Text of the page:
Small-Spotted Genet

Small-Spotted Genet.


Name

Small Spotted Genet ? also known as Common Genet [Genetta genetta]

Appearance

The Small-Spotted Genet is slightly smaller than the Large-Spotted Genet, and the markings are more distinct black and white and without a rusty tinge. The tail is white tipped, as opposed to the black tipped tail of the Large-Spotted Genet. Overall body colour is more a dirty white covered with black spots and forming lines from the head to the tail. Along the spine is a crest of erectile long black hairs. It has distinct white patches on the face below the eyes, which is less prominent around the mouth and on the forehead. They have retractile claws. Tails are long and ringed black and white.

Diet

The Small-Spotted Genet has a diet which consists mainly of small mammals and insects. Bats, birds, reptiles, amphibians, millipedes, centipedes and scorpions have been recorded as their food source. It would appear to eat less fruit than the Large Spotted Genet.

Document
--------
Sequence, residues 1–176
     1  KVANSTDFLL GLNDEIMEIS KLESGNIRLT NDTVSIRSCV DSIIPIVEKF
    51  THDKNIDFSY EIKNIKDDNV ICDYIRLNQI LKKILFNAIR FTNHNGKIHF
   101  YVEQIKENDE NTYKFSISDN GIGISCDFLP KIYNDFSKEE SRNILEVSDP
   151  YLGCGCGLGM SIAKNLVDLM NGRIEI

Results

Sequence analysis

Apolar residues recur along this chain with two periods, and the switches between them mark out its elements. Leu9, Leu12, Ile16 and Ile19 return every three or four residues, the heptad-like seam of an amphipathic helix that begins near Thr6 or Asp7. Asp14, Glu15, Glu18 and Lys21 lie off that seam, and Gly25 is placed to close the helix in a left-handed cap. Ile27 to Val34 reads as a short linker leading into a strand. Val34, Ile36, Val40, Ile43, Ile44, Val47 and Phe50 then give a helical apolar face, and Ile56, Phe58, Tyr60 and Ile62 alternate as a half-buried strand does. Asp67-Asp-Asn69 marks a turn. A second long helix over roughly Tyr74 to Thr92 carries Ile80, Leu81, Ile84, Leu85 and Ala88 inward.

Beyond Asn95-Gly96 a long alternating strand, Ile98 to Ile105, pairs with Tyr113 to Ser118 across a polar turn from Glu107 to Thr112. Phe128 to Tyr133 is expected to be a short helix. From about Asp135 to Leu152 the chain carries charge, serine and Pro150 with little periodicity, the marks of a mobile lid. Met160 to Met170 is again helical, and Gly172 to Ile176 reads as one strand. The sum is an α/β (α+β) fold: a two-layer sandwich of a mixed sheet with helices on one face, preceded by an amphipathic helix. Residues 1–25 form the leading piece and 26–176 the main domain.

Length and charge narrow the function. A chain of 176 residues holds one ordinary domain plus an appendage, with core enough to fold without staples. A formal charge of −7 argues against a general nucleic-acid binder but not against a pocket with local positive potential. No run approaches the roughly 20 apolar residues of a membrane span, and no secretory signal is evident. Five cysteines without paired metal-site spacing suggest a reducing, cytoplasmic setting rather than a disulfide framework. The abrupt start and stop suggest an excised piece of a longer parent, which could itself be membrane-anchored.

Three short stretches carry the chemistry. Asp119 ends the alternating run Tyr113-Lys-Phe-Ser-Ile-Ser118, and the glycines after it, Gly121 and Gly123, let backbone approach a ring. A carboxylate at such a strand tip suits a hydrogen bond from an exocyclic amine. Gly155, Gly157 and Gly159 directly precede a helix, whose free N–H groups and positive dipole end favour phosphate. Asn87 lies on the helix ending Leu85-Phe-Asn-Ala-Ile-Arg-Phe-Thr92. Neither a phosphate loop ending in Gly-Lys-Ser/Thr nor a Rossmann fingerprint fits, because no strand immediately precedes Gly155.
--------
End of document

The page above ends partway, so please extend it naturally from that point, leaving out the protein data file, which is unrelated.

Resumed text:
Breeding

Two litters are produced per year, respectively of two to three young. The gestation period is between 70-77 days. The ears and eyes of young only open after 5-18 days. Canines erupt within the first month. Young take solid foods only after a few weeks, but continue suckling for several months.

Behaviour

Almost entirely solitary, pairs are seldom seen, probably only during the mating season. Habitat preference tends towards drier woodlands, although it is also found in riverine habitats. It often lies up in trees during the day, but is more commonly found in holes in the ground and in rocky refuges. It is less arboreal than the Large-Spotted Genet.

Where they are found

Although this species appears to have a wide range through most of Southern Africa, within that it has a disjunct occurrence coinciding predominantly with the drier districts or areas of Southern Africa. It is absent from the west coast of Namibia as well as the west and southwest coast of South Africa.

Field Notes

These animals can become very tame around human settlements as in safari lodges where they are known to climb on tables during meal times and take food off the table.



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